In that final, Campbell rocketed out and was first to the turn by a significant margin, only to tighten up badly down the stretch. The result devastated Campbell, and it took time to fully move past that disappointment. She had to learn to be proud of what she had accomplished, not dwell on where she had come up short.

One year after Rio, Campbell said, “I’ve broken world records, I’ve become a world champion, I do have two Olympic gold medals, and one of them is in a world-record time. Yeah, they are not individual, and yeah, they are not exactly what I wanted or what I would dream of, but that doesn’t mean my whole career has been a failure. I’ve had maybe one or two bad swims, and if I put them on a scale, the good far outweighs the bad, and why am I getting hung up on this one little negative? Well, more than little. It was big, let’s face it. But why am I letting one bad swim define my whole swimming career? It doesn’t make sense.”

By the time the Tokyo Olympics finally arrived in 2021, Campbell was no longer the central star of Australian sprinting. That title belonged to Emma McKeon, who ranked first in the world for 2021 in both the 100 free and 50 free prior to the Games. It was McKeon who broke the Olympic record in the prelims, McKeon who had the top seed in the final and, ultimately, McKeon who captured Olympic gold and swam the second-fastest time in history.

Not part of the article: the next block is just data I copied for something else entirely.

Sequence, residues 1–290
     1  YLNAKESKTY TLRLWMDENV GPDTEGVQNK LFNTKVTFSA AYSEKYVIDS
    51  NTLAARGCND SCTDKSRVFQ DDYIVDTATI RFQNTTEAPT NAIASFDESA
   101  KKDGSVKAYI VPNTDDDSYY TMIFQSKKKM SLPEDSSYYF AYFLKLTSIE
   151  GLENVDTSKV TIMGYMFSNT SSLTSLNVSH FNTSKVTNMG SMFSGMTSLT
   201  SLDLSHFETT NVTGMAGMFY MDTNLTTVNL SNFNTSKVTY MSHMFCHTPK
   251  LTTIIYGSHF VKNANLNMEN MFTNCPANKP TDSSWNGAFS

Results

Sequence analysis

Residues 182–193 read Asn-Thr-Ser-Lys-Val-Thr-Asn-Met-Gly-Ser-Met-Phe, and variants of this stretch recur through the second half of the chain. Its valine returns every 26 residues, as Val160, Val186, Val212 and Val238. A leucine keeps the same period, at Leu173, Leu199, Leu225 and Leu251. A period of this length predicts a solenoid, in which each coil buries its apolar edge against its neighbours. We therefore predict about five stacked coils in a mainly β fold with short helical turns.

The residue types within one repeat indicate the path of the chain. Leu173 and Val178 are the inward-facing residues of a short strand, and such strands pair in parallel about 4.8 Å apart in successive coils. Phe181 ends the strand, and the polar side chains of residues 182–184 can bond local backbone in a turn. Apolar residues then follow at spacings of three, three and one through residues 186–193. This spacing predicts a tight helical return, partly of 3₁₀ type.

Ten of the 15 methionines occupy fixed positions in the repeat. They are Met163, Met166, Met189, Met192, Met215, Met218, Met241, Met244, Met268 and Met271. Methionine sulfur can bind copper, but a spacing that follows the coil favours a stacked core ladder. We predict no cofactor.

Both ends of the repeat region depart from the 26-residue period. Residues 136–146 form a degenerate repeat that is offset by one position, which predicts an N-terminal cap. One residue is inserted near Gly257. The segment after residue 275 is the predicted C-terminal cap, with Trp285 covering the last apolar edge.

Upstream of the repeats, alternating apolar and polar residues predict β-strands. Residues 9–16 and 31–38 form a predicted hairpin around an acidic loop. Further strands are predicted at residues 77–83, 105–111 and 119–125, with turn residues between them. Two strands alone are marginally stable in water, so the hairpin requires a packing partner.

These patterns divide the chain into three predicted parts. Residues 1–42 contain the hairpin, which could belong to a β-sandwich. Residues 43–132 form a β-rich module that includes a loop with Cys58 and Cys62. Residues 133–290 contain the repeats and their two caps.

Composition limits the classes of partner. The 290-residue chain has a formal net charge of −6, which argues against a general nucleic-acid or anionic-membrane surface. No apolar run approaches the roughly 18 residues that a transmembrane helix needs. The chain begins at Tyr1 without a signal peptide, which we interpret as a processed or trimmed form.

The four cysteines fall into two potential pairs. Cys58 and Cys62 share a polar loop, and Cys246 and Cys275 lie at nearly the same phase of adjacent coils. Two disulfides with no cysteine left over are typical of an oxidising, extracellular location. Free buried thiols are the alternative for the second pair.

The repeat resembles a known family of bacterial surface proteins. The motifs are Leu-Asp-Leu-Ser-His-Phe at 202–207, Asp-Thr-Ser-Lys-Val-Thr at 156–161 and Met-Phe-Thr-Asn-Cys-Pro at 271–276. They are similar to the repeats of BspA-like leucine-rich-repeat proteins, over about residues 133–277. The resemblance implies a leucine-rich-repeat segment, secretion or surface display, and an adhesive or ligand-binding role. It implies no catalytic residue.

And Campbell, the 29-year-old in her fourth Olympics, touched third, 0.07 ahead of Canada’s Penny Oleksiak – one of the two swimmers who tied for gold in the Rio final that was so devastating for Campbell. Campbell’s final time of 52.52 was her fastest in two years.

As the swimmers touched the wall, cameras caught a beaming Campbell reach over the lane line to hug McKeon. “I’m so proud of you!” she exclaimed to her teammate. A few moments later, when appearing in a televised interview with Australia’s Channel 7, Campbell teared up. “This means the world to me,” Campbell said.

No, this was not the coronation moment she had expected five years earlier in Rio. It was not even a gold medal. But it was sweeter because of all that had come before it and because she got to share in the moment with McKeon, her teammate on so many international relays going back to 2013. It was sweeter because after so many attempts that came up just short, she was back on the Olympic podium by herself for the first time since she was, frankly, a kid.